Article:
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Most Mira – HIA International Exchange 2013
The International Exchange emerged as an idea to connect two organizations doing critical international educational work related to human rights. The project aimed to create opportunities for young people from the US and Europe, including BiH, to participate in peacebuilding efforts and contribute to the discourse of reconciliation. Most Mira (Bridge of Peace) is a UK and Bosnian NGO working to encourage understanding and tolerance between young people of all backgrounds in the Prijedor area. Since 2006, the organization has held four youth festivals and year round art and leadership workshops. This year, Most Mira coordinated a four month drama project bringing together a cast of 40 young people from four schools in the area to perform an adaptation of Shakespeare’s A Midsummer Nights’ Dream (San Svake Noći in Bosnian). Through projects such as this, Most Mira aims to build leadership and friendship through arts and play. Humanity in Action (HIA) is a human rights education NGO building an international network of young people committed to promoting social change around the world. Each year, HIA holds summer fellowship programs in five European countries (Denmark, The Netherlands, Poland, Germany, and France) to explore the challenges of diversity, discrimination, and minority rights in modern democracies. Fellows use discussion, experiential learning and action projects to reflect on past injustice and engage in active citizenship today. HIA also has an office in Sarajevo, from which they coordinate the Bosnian Senior Fellows Network and offer programming related to human rights and peacebuilding in BIH.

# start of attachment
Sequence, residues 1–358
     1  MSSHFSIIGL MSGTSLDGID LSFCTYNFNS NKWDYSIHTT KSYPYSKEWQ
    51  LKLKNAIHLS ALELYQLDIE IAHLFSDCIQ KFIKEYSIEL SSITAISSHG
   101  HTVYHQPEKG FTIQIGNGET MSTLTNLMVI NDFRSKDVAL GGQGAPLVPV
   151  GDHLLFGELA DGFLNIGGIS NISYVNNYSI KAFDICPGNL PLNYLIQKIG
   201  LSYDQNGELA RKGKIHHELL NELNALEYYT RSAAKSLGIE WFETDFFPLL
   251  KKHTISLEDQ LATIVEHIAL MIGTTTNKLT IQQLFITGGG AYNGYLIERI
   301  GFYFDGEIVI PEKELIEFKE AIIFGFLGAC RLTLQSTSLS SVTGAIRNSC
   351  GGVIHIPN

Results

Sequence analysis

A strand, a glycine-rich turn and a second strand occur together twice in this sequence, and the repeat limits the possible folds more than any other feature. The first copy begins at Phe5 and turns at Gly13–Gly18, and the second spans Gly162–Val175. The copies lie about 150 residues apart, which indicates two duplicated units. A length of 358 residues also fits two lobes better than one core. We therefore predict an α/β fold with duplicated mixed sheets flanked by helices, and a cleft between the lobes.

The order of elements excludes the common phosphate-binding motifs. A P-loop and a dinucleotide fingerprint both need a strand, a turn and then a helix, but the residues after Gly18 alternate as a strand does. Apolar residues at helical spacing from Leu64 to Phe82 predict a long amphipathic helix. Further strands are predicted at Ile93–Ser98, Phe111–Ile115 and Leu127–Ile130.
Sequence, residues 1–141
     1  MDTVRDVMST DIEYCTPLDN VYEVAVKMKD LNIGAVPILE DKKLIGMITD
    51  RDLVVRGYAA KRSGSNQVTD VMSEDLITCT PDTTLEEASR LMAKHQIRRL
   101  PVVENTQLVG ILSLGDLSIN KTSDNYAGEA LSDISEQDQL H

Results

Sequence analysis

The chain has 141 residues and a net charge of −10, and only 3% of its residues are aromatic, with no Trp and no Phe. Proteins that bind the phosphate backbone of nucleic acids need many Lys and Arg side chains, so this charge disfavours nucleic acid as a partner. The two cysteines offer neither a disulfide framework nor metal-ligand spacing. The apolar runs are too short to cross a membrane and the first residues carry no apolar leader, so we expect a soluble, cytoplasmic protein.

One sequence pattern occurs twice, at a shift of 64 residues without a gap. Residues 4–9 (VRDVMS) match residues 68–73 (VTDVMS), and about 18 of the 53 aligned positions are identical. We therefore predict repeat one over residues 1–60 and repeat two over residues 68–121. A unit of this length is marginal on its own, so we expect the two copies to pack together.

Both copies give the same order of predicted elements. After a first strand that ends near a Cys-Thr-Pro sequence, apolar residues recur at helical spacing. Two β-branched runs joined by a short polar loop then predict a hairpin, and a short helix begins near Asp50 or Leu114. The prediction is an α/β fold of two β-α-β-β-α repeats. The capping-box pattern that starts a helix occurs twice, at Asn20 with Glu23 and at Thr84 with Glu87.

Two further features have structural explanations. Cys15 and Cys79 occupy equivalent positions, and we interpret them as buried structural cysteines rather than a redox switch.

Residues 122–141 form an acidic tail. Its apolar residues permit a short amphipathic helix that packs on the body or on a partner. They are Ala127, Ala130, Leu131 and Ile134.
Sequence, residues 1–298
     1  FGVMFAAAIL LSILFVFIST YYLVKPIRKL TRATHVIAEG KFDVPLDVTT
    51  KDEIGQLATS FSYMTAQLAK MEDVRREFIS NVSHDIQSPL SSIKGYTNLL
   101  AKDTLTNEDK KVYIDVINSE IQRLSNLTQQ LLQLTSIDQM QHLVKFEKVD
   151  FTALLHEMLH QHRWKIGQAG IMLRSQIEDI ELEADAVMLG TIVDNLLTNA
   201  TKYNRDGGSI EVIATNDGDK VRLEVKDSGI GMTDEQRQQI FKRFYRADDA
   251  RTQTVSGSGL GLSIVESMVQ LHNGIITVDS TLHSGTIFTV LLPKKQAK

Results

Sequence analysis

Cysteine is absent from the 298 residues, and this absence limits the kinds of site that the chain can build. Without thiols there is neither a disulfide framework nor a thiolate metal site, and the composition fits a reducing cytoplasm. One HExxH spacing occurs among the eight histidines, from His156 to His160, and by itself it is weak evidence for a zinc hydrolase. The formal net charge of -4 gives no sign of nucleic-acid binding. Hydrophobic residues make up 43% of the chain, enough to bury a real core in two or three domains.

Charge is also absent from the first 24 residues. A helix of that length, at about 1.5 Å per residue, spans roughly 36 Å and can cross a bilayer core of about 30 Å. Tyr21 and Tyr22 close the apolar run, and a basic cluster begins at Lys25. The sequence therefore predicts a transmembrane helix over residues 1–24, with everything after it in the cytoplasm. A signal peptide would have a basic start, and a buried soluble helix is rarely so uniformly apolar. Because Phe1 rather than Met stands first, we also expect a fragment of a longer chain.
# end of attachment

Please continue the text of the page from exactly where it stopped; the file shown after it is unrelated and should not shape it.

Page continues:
This year’s International Exchange took place from May 23 -28, 2013 with fifteen participants from Most Mira, HIA, and other organizations taking part in group discussions and workshops. Four HIA Senior Fellows led on the analysis and reporting of the exchange and have authored this report to disseminate our findings.

This Report
We explore the work and methodology of other youth and art organizations in Bosnia and Herzegovina, comparing them with Most Mira’s approach, in order to highlight different strategies involving youth and art in reconciliation efforts. We draw on our personal conversations with Most Mira staff, volunteers, and young people in the Prijedor area, and on discussions with representatives from other youth and art organizations and guest speakers in the International Exchange. We do not intend this report to be an exhaustive review, but merely an introductory look at the current role of youth and art in reconciliation in BiH. Exploring the work of Most Mira in the context of other grassroots youth and arts organizations in BiH, this report argues that engaging youth through art opens up an essential creative space in which young people of different ethnic backgrounds can interact with one another. This approach often avoids the topic of politics but directly addresses the conflict’s divisive legacy by bringing youth together across ethnic lines in the effort to help them build a common future. Engaging youth through art at the grassroots level therefore can make a unique contribution to peacebuilding in BiH. Throughout the entire experience, we were reminded that lasting change must occur at all institutional levels. This includes addressing the current entrenchment of ethnic divisions in national politics and the apathy of the international community. One guest speaker told us “Your work is a drop of clear water in a lake of poison.” We hope this report helps us better understand both the drops of water and the lake.